I’ve said it before – there have always been female fans of the traditional “boy” genre. I don’t worry about representation as much now as I did when I was a kid, but that’s because I write my own, and often times it feels that when you’re introducing a heroine, there’s the need to make her ‘badass’ or whatever – it can feel shoe-horned in. Not saying don’t do it, but I can like something and still think about it critically. Despite Rey and Padme being added to the Canon (as well as Phasma and now Jyn) I still think Leia Organa is the best female character in that series, so I suppose I should move on to the CGI aspect.

Carrie Fisher has recently passed away, whereas the character of Tarkin way portrayed by Peter Cushing, who passed away in the 1990’s. Especially to the family of Fisher, it seems cruel, but people are talking about the politics of what they’re going to do, especially considering Leia Organa is an iconic character and was set to play a major part in the new Star Wars Trilogy, with VII out last year and VIII in post-production, apparently Fisher had all of her scenes filmed.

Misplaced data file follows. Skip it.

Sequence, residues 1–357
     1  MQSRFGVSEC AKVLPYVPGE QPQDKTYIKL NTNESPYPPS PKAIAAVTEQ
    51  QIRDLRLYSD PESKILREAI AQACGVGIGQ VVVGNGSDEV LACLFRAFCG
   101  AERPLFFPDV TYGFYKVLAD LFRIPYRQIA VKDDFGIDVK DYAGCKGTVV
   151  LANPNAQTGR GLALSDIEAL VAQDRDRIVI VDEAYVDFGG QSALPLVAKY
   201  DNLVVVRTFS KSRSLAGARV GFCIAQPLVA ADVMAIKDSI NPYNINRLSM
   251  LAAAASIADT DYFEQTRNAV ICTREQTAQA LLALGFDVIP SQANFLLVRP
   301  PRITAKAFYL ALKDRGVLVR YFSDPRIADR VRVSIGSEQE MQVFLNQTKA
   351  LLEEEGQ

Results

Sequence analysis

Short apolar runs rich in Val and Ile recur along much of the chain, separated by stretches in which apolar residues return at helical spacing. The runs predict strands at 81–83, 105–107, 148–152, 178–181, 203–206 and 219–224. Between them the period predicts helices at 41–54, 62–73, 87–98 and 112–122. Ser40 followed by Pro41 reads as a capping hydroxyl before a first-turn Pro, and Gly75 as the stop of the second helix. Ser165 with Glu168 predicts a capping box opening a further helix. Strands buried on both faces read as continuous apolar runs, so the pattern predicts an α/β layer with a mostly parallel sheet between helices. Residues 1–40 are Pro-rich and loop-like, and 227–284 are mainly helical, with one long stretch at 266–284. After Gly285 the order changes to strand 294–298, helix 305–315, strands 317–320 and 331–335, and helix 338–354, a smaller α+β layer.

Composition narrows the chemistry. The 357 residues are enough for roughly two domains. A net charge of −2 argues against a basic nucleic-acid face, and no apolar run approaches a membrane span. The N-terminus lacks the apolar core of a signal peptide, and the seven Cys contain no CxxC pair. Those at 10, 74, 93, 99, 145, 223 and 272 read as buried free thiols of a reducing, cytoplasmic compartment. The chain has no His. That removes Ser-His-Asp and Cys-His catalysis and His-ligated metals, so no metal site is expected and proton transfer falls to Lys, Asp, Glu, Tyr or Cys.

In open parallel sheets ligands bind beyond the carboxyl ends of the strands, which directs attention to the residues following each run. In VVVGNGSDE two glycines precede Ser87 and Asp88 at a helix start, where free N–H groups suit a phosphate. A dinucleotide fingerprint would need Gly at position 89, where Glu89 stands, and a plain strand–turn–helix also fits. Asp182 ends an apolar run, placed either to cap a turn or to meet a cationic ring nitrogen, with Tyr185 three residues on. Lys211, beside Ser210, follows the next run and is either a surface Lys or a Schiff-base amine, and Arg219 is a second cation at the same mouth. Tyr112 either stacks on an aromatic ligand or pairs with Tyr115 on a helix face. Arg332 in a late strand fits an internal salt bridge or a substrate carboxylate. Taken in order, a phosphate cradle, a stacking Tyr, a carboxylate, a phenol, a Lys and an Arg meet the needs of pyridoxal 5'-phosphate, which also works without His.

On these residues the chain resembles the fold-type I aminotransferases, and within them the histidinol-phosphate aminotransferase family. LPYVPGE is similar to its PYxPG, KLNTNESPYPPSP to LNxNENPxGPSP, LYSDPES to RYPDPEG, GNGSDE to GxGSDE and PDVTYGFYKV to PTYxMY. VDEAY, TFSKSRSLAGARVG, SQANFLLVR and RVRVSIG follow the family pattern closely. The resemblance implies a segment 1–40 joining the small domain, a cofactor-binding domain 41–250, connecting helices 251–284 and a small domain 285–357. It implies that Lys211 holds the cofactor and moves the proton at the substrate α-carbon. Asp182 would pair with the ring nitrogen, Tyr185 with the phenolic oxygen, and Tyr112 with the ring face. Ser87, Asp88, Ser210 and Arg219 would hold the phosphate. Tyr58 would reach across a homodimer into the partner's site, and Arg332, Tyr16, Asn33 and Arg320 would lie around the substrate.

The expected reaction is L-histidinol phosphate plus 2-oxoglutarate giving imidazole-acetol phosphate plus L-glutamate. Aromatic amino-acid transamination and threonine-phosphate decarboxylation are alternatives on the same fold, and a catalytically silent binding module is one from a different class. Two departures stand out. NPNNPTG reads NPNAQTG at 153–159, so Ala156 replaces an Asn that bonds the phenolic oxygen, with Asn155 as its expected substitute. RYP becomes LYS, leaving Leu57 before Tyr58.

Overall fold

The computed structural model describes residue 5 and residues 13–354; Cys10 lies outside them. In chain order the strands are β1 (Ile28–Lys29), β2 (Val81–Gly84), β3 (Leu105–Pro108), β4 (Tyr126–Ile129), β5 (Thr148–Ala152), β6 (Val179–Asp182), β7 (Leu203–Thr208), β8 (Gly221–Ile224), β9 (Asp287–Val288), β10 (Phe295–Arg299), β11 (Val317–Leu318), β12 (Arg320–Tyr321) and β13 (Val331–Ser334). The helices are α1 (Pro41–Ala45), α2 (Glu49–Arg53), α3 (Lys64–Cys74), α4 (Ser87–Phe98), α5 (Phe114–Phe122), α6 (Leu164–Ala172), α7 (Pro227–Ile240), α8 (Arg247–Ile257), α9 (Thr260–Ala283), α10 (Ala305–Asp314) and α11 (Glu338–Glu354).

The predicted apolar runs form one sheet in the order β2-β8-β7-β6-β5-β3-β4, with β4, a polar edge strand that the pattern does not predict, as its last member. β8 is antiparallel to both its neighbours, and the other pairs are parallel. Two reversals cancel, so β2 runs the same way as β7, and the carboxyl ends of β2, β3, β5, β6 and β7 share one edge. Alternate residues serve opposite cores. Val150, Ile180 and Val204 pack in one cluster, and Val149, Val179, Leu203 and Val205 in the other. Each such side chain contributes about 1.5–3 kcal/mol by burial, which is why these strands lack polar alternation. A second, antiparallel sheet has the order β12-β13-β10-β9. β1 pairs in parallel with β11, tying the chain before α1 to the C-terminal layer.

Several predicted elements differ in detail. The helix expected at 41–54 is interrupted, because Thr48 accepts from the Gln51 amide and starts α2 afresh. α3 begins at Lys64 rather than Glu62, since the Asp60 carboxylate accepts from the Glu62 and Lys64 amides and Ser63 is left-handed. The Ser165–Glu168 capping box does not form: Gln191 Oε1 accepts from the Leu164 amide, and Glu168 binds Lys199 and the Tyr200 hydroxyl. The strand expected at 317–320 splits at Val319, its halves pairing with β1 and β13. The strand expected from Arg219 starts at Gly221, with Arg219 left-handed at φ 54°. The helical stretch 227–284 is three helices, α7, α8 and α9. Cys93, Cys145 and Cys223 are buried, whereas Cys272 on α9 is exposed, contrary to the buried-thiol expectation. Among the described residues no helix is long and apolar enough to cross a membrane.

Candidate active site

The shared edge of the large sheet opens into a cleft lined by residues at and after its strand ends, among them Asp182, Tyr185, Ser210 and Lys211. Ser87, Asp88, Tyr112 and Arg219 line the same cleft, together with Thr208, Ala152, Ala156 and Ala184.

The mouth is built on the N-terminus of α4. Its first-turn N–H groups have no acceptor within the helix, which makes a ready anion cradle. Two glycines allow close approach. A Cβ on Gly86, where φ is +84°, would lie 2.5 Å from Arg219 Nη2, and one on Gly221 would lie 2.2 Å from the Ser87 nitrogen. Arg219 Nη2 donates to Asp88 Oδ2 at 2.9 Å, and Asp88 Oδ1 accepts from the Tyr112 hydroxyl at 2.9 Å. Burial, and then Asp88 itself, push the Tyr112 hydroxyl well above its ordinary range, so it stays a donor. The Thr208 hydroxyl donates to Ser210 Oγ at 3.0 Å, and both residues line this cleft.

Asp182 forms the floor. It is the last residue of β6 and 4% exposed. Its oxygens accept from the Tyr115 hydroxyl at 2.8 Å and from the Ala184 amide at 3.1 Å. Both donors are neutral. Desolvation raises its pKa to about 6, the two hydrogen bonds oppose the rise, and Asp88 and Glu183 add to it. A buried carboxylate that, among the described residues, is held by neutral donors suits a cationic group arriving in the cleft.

Honestly, one of the concerns I had with prequels and that is to explain away the appearance of characters who would have aged. Given that there are enough people to look the part with makeup and a bit of CGI, it’s not that we can’t have someone who really looks like the character running about. It’s that their being portrayed – especially an iconic character, like Leia Organa – by someone else. Especially when that actor recently passed away.

A question like this came up in WWC this summer, when someone asked us on a panel about series, “What do you do if you realized you killed a character you needed?” I say you improvise, and there’s no reason the show has to stop because you realize you needed Billy. Obviously, the character of Leia could be portrayed by someone else, or CGI, or she can explained away. You get criticized regardless of what direction you take, because there’s no way you can make everyone happy. Writers bring their own biases into a story, but so do the viewers.